To examine the NIRF mRNA levels in related lung carcinoma entities, two data sets reporting squamous cell lung carcinoma70 (Table 2) and lung adenocarcinoma71 (Table 3) were analyzed. Both of these are subtypes of non-small cell lung carcinoma. Each data set revealed that the NIRF mRNA levels were reduced at the top rank among the genes localized in 9p24. In both cases, the reduction in the NIRF mRNA level was statistically significant (p = 1.15 × 10−7 in Table 2; p = 0.0139 in Table 3). Thus, there appear to be consistencies between the DNA copy number losses and the mRNA expression reductions of NIRF in nonsmall cell lung carcinoma.
The above observations collectively imply associations between the genetic status of NIRF and the genesis of several types of tumors. If so, it is possible that there is a certain genetic locus in the vicinity of the NIRF gene that is linked to the predisposition to tumors. Figure 9 shows a magnified map of the commonly deleted region found in the above-described non-small cell lung carcinoma data set, i.e., from IL33 to GLDC (Fig. 8A and B). Using literature mining, we found the SNP rs719725, which maps at 47 Mb upstream of the NIRF gene and has recently been reported to be associated with the risk of colorectal carcinoma.25 This SNP was not only mapped close to NIRF but also localized just within the commonly deleted region observed in the nonsmall cell lung carcinoma data set (compare Figs. 8 and and99). Thus, these findings imply that there might be a certain relationship between NIRF, rs719725 and predisposition to cancer.
NIRF appears to represent an intermodular hub protein that interacts with the core components of the cell cycle machinery and exhibits a unique centrality in the hierarchical modular architecture of the cell cycle network. NIRF ubiquitinates the two different classes of G1 cyclins (D1 and E1), and induces G1 arrest. DNA copy number loss in various malignancies was found for the NIRF gene, which was the target of a recurrent microdeletion in non-small cell lung carcinoma. In addition, the NIRF gene was closely linked with a susceptibility locus of colorectal carcinoma. These observations suggest that NIRF is a novel component of the core cell cycle machinery and is also a novel tumor suppressor.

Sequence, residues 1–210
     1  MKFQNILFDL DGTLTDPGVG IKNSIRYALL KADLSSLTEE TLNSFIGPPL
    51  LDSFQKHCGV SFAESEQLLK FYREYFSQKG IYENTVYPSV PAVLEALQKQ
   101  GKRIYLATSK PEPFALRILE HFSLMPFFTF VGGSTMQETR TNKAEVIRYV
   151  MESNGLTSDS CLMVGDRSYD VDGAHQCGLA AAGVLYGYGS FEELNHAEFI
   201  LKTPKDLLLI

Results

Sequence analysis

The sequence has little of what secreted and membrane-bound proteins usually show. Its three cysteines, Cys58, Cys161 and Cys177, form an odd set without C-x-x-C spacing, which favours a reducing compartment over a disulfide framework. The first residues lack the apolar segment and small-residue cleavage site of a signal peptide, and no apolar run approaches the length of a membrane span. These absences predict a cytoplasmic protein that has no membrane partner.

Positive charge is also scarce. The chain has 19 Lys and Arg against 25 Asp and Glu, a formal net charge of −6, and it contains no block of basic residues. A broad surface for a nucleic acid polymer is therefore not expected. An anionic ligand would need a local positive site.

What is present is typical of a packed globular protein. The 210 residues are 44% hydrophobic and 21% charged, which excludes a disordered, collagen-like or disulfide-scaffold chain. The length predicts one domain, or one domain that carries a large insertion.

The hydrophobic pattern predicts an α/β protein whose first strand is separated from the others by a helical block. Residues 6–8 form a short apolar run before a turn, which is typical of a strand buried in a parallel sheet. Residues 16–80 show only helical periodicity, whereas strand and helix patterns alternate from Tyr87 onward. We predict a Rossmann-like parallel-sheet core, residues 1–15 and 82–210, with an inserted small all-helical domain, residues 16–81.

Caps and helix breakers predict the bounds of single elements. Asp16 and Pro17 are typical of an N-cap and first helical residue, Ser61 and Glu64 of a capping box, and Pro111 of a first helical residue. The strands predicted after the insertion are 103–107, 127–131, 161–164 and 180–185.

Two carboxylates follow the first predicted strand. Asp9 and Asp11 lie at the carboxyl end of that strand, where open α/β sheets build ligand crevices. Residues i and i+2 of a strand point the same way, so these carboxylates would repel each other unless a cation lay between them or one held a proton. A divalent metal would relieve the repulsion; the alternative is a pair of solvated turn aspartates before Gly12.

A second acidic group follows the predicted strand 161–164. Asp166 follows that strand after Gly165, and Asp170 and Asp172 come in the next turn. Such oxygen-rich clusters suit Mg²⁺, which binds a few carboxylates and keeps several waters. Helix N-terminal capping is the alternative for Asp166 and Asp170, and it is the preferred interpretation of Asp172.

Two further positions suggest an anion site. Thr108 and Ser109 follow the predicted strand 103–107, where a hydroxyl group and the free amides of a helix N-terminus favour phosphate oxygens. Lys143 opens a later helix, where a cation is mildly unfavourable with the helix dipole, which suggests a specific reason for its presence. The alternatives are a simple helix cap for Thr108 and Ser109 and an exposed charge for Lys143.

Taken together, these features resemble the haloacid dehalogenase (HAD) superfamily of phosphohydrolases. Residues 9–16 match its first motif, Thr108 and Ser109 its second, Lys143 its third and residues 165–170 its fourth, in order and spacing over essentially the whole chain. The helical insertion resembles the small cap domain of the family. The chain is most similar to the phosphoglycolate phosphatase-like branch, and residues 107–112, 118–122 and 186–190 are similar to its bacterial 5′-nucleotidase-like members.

Hub proteins hold the whole network together and are therefore important in both the topology maintenance and functioning of the network.2,4 The analysis of the NIRF PPI network indicated its scale-free property, and demonstrated the presence of a few highly connected hubs in the cell cycle network. Applying the top 20% as a general threshold,23 the degree and centrality indices for NIRF were sufficiently high that NIRF can be judged to be a hub protein with high betweenness. While the degree and centrality indices of NIRF were not among the top-ranked ones, it is often mentioned that more extensively studied proteins are prone to investigative bias to have more interactions than less intensely studied proteins.72–74 In addition, the centrality indices of a node tend to be correlated with its degree,44,75 indicating that there are also biases in the centrality indices of the well-known proteins in the network. Accordingly, it is feasible that the centrality indices as well as the degree determined for NIRF in this study are all underestimated. More interacting partners will probably be found for NIRF in the near future, which will raise its centrality indices even higher.